Seasonal affective disorder be damned. Cities like Toronto are giving hibernators reasons to brave the cold: last year, the city unveiled The Bentway, a cathedral-like events space (complete with a skating rink) under the Gardiner Expressway. In the east-end Beaches neighbourhood, Winter Stations invites designers and artists to rethink abandoned lifeguard stations. And along Toronto’s central waterfront, Ice Breakers, presented by PortsToronto, is an annual competition that aims to bring intrigue and interactivity to the Harbourfront neighbourhood.
This year, the event, running between January 25 and February 19, will host five installations, each the winner of an international competition chosen by a jury that included DTAH principal and 2018 AZ Awards juror Megan Torza, Boston Globe (and one-time Toronto Star) art critic Murray Whyte, Bow Bridge Communications principal Heather Meltzer, Bentway director of programming Ilana Altman, PortsToronto art director Louise Brooks and the Power Plant curatorial fellow Justine Kohleal. Organized around the theme of Signal Transmission, here were their selections.
Meet Connector, a colourful tangle of pipe created by Hamburg designers Alexandra Griess and Jorel Heid (who also contributed interactive crowd-pleaser Make Some Noise!!! to the 2018 edition of Winter Stations). Constructed with drainage pipes fed through a perforated, three-ply wooden disc, Connector is “an interactive communication device” that encourages users to send and receive anonymous transmissions.
Ultimately, it provides playful commentary on how we communicate and, perhaps, how lines can get crossed. “In the end,” its designers say, “we can never be sure that the message was understood as meant. But in this case, it means a lot of fun!”
Steps from Connector, local designers Rob Shostak and Dionisios Vriniotis (who participated in Winter Stations in 2017) will erect two light-refracting sculptures that, from the water, could double as lighthouses. As visitors enter a chamber carved in these 15-foot sculptures, light from the sun refracts and creates a colourful spectrum. “The cascade of colours spreads throughout the space and onto the stargazers,” say its designers, mimicking how astronomers use light to learn about the composition of faraway stars.
Like Connector, Stellar Spectra’s two sculptures were made from simple materials. Its white and translucent PVC tubes are topped with coloured acrylic discs and arranged on a circular grid. Each tower cost less than $4,000 to construct.
As in any healthy democracy, protests are a common sight in downtown Toronto. The image of bobbing, elevated neon signs – the type you might expect to see at City Hall or Yonge-Dundas Square – is recreated on the waterfront with Chromakey Protest, designed by Solve Architects’ Andrew Edmunson. Only these protestors aren’t human. They are, however, animated: Constructed from marine buoys, fibreglass rods and PVC placards, the 25 “activists” bob around in a frigid marina.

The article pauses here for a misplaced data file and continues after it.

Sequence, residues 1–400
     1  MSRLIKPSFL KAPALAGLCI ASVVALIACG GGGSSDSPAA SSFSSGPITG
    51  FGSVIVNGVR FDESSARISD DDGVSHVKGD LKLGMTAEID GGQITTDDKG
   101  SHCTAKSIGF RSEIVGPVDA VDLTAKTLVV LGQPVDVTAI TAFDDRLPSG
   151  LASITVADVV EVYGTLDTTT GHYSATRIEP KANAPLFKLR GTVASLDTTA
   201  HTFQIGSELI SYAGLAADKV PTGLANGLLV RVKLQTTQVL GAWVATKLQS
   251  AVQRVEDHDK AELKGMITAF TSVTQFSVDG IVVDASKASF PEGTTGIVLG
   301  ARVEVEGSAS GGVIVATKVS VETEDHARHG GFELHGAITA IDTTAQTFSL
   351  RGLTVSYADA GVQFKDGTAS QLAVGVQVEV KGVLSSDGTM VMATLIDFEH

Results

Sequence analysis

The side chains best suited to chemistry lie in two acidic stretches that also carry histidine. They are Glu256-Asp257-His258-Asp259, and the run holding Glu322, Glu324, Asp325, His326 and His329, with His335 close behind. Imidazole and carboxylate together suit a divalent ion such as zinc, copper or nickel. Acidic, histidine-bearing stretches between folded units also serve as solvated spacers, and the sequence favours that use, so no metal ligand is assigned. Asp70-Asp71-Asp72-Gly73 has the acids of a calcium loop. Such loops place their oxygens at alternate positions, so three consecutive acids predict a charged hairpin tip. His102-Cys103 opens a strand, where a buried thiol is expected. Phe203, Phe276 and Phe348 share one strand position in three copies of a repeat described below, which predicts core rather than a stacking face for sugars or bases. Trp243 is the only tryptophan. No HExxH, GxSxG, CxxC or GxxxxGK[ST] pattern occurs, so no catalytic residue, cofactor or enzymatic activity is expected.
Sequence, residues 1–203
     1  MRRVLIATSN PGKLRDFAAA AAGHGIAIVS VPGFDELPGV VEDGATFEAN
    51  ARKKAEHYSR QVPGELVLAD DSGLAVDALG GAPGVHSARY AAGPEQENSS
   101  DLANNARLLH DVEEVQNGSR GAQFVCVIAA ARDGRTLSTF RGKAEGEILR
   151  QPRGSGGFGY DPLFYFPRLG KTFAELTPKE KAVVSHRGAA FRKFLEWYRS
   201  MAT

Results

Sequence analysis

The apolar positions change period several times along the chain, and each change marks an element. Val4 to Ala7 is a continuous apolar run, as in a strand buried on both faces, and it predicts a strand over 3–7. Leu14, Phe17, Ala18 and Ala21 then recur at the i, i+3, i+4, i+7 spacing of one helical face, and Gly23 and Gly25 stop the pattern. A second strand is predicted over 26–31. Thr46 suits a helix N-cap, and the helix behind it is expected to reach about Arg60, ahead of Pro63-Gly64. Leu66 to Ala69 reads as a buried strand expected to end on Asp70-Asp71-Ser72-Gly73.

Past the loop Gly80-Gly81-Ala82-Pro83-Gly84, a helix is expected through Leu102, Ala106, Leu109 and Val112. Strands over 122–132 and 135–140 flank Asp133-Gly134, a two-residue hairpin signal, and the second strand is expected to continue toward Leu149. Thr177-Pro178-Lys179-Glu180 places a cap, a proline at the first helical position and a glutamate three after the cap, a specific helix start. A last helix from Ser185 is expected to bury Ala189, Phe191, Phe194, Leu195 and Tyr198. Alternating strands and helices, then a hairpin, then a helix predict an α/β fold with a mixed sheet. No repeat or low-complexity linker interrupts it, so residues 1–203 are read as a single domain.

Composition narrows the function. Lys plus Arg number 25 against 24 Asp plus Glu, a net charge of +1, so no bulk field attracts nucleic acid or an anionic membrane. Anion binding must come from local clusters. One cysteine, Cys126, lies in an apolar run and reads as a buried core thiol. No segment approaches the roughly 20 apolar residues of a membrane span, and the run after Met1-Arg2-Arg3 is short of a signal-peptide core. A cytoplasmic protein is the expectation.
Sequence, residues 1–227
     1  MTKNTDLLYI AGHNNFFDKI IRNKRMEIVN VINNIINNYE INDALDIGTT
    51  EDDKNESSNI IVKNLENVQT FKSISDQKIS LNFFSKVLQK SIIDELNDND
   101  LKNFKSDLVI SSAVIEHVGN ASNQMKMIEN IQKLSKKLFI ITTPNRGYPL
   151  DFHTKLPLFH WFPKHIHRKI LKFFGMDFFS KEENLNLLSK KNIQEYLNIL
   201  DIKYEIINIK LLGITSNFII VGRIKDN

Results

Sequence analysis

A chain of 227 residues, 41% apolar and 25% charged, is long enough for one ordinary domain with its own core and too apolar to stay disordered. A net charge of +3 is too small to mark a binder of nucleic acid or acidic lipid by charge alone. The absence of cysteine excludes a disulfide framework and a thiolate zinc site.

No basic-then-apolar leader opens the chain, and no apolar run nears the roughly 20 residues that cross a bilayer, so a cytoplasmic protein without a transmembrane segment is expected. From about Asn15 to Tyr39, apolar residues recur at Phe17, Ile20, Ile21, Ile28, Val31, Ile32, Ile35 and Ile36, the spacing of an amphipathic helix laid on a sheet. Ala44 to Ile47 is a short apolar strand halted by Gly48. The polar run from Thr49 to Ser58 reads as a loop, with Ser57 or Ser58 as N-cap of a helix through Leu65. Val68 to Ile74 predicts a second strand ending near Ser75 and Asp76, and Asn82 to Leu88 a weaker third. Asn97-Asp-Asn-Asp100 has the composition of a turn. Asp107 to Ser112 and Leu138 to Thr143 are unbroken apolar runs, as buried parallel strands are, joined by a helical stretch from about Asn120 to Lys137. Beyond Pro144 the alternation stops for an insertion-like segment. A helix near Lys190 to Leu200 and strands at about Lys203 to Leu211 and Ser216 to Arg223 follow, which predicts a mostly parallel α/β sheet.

The installation’s shade of green is the same as the one commonly employed as a digital placeholder, and in this way Chromakey Protest invites viewers to project their own ideas on the protest. “Some may see the gathering as a show of solidarity: individuals bound by a common goal,” says the designer. “Others may see the gathering as futile: individuals hopelessly attempting to manifest change.”
Located in HTO Park, just steps away from the beloved Wavedecks designed by Torza’s DTAH, Tweeta Gate is a 26-metre gateway leading pedestrians to the water. Designed by Eleni Papadimitriou and Stefanos Ziras from Athens-based Space Oddity Studios SOS, the walkway consists of 10 3.2-metre-tall wood arches, each referencing an architectural style from around the world.
Bells have been mounted to each arch, and with each gust of wind, they add to streetcar sounds, waves crashing, rustling trees and the sounds of an urban park. “Voices, bells and birds tweeting become one in HTO Park,” say its designers.
As writer Nicholas Hune-Brown noted in the March/April 2018 edition of Azure, we are increasingly experiencing architecture not through buildings but photography. Tripix, an installation by a group of Ryerson University students, acknowledges this fact – and delivers a piece of “ocular-centric art.” Featuring three legs mounted to a structural steel conduit frame, the structure is clad in white CNCed Komatex panels on the outside and mirrored acrylic panels on the inside. Apertures help visitors focus on nearby landmarks: Lake Ontario, the imposing Rogers Centre, the Toronto Islands.
The experience is meant to be photographed – and, like so many architectural images, viewed on screens. “The kaleidoscopic effect of the interior is reminiscent of an image- driven society,” add the designers. “The viewer experiences the space as a reflection back on themselves, in many different lights and angles while also being intertwined with the reflections of the exterior conditions.”